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The power of hope: being a doctor is more than relying solely on the numbers
  1. A N Godshalk1,
  2. G C Brown1,2,3,4,
  3. H C Brown1,
  4. M M Brown1,3,4,5
  1. 1
    Center for Value-Based Medicine, Flourtown, PA, USA
  2. 2
    Retina Service, the Wills Eye Institute, Jefferson Medical College, Philadelphia, PA, USA
  3. 3
    Eye Research Institute, Philadelphia, PA, USA
  4. 4
    Leonard Davis Institute of Health Economics, University of Pennsylvania, Philadelphia, PA, USA
  5. 5
    Department of Ophthalmology, University of Pennsylvania School of Medicine, Philadelphia, PA, USA
  1. Dr G C Brown, Center for Value-Based Medicine, Box 335, Flourtown, PA 19031, USA; gbrown{at}


Aims: To ascertain whether a physician’s positive or negative attitude significantly impacts the quality of life of ophthalmic patients.

Methods: A standardised, validated, time trade-off, utility instrument was administered to consecutive vitreoretinal patients by interview to assess the quality of life associated with their current ocular health state (baseline scenario). Each was then given a scenario for the exact same health state with the same long-term prognosis in which their doctor emphasised the possible negative consequences (bad-news scenario) and one for the same health state in which their doctor emphasised the positive consequences (good-news scenario).

Results: Among the 247 patients enrolled were 140 women (57%) and 107 men (43%) with a mean age of 66 years and a mean educational level of 13.8 years after kindergarten. The mean baseline utility for 247 patients was 0.87 (SD = 0.19; 95% CI 0.84 to 0.89). The mean bad-news scenario utility was 0.80 (SD = 0.22, 95% CI 0.78 to 0.83), a 70% diminution in quality of life compared with the mean baseline utility (p = 0.0009). The mean good-news scenario utility was 0.89 (SD = 0.18, 95% CI 0.86 to 0.91), an insignificant difference compared with the mean baseline utility (p = 0.26).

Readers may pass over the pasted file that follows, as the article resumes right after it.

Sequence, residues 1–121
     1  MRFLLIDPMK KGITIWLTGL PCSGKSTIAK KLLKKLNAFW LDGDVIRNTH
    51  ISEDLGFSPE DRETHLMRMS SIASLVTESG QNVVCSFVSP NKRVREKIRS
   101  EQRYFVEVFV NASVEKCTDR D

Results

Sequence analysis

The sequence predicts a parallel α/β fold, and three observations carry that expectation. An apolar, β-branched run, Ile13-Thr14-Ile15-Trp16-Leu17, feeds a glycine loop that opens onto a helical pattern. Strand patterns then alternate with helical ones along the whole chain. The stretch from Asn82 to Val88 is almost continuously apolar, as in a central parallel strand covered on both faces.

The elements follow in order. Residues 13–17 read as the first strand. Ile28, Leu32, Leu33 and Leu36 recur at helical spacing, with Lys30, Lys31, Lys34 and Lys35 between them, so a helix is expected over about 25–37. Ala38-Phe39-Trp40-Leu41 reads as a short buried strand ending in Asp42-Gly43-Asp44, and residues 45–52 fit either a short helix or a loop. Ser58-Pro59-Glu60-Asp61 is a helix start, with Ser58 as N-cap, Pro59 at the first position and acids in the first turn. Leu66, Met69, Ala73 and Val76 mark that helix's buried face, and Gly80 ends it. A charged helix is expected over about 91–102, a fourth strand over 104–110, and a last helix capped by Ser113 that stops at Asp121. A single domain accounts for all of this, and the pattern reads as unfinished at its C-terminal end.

Conclusion: Ocular patients had a considerably poorer quality of life when their physician emphasised the possible negative consequences associated with their eye disease(s), as opposed to a more positive approach. While at times necessary, a negative emphasis approach can theoretically result in a considerable loss of life’s value.

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  • Funding: The Center for Value-Based Medicine and the Eye Research Institute (ERI), Philadelphia, PA funded the study. Neither organisation had any role in the design and conduct of the study, collection and interpretation of the data, or preparation and approval of the manuscript.

  • Competing interests: None.

  • Ethics approval: The patients were advised of the intent of the study and treated in accordance with ethics as put forth by the Declaration of Helsinki of the World Medical Association.

  • Patient consent: Written informed consent was obtained from each patient.

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